Now that the winter is settling in, it's time to share a perfect cold-weather soup recipe.
Once again, we turn to Jay Solomon's Vegetarian Soup Cuisine for a classic, healthy and laughably cheap recipe that'll warm you up on even the coldest winter day.
You can make this dish in 45 minutes from start to finish, with only about 15 minutes of that time being taken up by "real" work. Then, feel free to sip a glass, relax, and stir the soup occasionally while it simmers.
Wintry Tomato Vegetable Soup
Modified slightly from Jay Solomon's Vegetarian Soup Cuisine
1 Tablespoon olive oil
2 onions chopped coarsely
2 zucchinis, diced coarsely
1 pound mushrooms, quartered
6 large cloves garlic, minced or pressed
5 cups water
2 14-ounce cans stewed tomatoes
2 6-ounce cans tomato paste
1 Tablespoon dried basil
1 Tablespoon dried oregano
1 teaspoon black pepper
1 cup uncooked tubettini or ditalini pasta
sliced or shredded provolone or mozzarella cheese (optional)
1) Heat the oil in a large saucepan, add the onion and garlic, and saute on medium heat for 4 minutes. Add the zucchini and mushrooms and saute for another 4 minutes.
2) Add the water, stewed tomatoes, tomato paste and seasonings and bring to a boil. Simmer for 15 minutes over medium-low heat, stirring occasionally.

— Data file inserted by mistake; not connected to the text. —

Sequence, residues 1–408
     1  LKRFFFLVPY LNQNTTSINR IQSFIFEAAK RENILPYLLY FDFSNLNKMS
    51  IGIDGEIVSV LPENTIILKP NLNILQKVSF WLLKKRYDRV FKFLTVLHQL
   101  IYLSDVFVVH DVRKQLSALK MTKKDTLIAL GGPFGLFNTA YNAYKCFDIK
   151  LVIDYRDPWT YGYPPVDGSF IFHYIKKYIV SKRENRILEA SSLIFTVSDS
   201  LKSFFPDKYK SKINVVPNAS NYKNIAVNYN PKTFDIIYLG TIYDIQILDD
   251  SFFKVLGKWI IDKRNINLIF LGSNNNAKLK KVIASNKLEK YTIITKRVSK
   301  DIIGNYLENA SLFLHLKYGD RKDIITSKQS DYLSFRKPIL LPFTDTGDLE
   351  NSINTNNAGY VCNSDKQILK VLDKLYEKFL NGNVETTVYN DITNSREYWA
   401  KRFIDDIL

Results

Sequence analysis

3) Stir in the pasta and cook for 10-15 minutes more until the pasta is al dente. Be sure to stir every few minutes--the pasta has a knack for sticking to the bottom of the pot if you're not careful.
4) Let the soup sit for 10 minutes or so before serving into bowls. Top with cheese if desired.
Finally, some possible recipe modifications to consider:
1) Use fresh basil (several whole leaves placed in the soup) instead of dried basil.
2) Try 1/2 teaspoon of cayenne pepper instead of 1 teaspoon of black pepper (normally this is a mild soup, so this will put a little more fire into it).
3) Consider adding meat. I'd suggest a mild meat like pork or chicken. This of course raises the ethical conundrum of whether it's okay or not to add meat to a recipe that was originally intended to be vegetarian.
4) I'd encourage you NOT to use more pasta than what the recipe calls for. That is a modification we've attempted that failed miserably--you'll open the pot the next day expecting to see delicious leftover soup, and instead you'll find that the pasta has tripled in size and totally overwhelmed the dish.
5) Last but not least: don't leave out the cheese if you can help it--it's the best part. But you can certainly experiment with other cheeses. I'd consider parmesan or perhaps brie.